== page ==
It almost became the rout that wasn’t. Before the 62-28 finish, Saturday’s Yale-Towson game was a close 14-14 matchup. But two calls on fourth down plays in the second quarter turned the competitive contest into a protracted laugher for the Elis.
The first turning point came with just under 10 minutes to play in the first half with the Bulldogs stalled at the Towson 34-yard line. Facing a fourth-and-four, Yale head coach Jack Siedlecki opted to go for the first down — an obvious call with a 51-yard field goal attempt out of the question and a punt more than likely to go into the end zone and yield a net of just 14 yards.
Alvin Cowan ’04 took the snap and ran right, seemingly running an option play that had worked with mixed success early in the game (a botched pitch to David Knox ’06 had given Towson the ball at the Yale 15 in the first quarter and set up the Tigers’ first score). Instead of looking to toss the ball or keep it himself, however, Cowan stepped back and found a wide-open Alex Faherty ’05 down the right sideline for a 31-yard-gain down to the Towson three. Three plays later, Cowan strolled into the end zone, and Yale had the lead for good.
Instead of going the conservative/safe/likely-to-fail route and keep the ball on the ground, Siedlecki made the gutsy call, and it galvanized his team. The success of the Eli ground game (to wit — first possession: Robert Carr ’05 runs for 19 yards, Carr runs for eight, Cowan throws to Ralph Plumb ’05 for eight, Carr runs for 28, Carr runs for 4 yards and a touchdown) helped make the show of an option plausible to the defense, which was overzealous and susceptible to the big play. Siedlecki clearly saw this happening and he made the call that gave his team the best chance for success.
But just as Siedlecki’s call got his team going, a fourth-down call on the ensuing possession by Tigers coach Gordy Combs equally deflated Towson.
After Cowan’s run had put the Elis up by seven, Towson’s next drive came to a halt at its own 23-yard line. On fourth-and-10, Combs inexplicably attempted a fake punt — a call that worked out about as well as the history department’s online section registration. Admittedly, the fake caught Yale completely off guard and the receiver had no one near him. But Towson wideout Rocky Brown dropped the pass, and the Elis took over deep in Tiger territory. While Yale did not immediately capitalize, the field position game paid dividends later in the quarter when the Elis started near midfield and were able to pad their lead on a Cowan touchdown pass to Ron Benigno ’04.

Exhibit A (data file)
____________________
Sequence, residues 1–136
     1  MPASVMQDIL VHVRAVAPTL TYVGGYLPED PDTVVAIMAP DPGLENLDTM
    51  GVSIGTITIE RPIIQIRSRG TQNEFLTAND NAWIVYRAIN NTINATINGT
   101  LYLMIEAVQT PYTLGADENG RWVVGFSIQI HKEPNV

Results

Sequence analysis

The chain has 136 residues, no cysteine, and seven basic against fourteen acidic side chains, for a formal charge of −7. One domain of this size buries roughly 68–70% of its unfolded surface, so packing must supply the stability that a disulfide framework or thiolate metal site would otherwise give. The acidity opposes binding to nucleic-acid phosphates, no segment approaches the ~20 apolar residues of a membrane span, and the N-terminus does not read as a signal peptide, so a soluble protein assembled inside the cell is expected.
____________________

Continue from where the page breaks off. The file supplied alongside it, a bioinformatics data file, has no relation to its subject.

As a Patriots fan, this immediately reminded me of Bill Parcells, Tom Tupa and Tedy Bruschi during the Pats’ AFC Championship season of 1996. The Pats hosted a 9-1 Denver team that had every legitimate reason to get to the Super Bowl. Parcells, then the Patriots’ coach, knew his team didn’t have much of a shot and that to be successful it would have to resort to trickery.
Like Combs, Parcells called for a fake punt on the Patriots’ first possession from their own 32-yard line. And, to boot, Parcells had the ball thrown to a linebacker with hands about as soft as sandpaper. Tupa aptly put the ball into Bruschi’s midsection, but apparently that was one of the linebacker’s blind spots. Denver took over and went on for a 34-8 rout.
By making this call, Combs did more damage to his team’s psyche than three colleges of freshmen did to Swing Space last year. Trailing by only a touchdown, there was no need for panic on the Towson sideline. This was not a sign of ingenuity or creativity — this was desperation. I’m no clairvoyant, but I can’t imagine the Towson players — especially those on the defensive side of the ball — were too thrilled by the coaching staff’s lack of confidence in their ability to keep the game close without resorting to what amounted to last-gasp tactics.
The difference between the two critical calls was that Yale’s was based on a calculated risk — it had set up the play by executing the option early in the game and making the defense think that another one was coming — while Towson’s was simply a one-shot gimmick that had great potential risk with minimal reward.
Punting the ball would have given Towson a chance to back Yale up and hopefully go into the half tied or trailing by just one score, with the second half’s opening kickoff coming their way. Instead, Yale went into the break ahead 35-14, and the rout was on.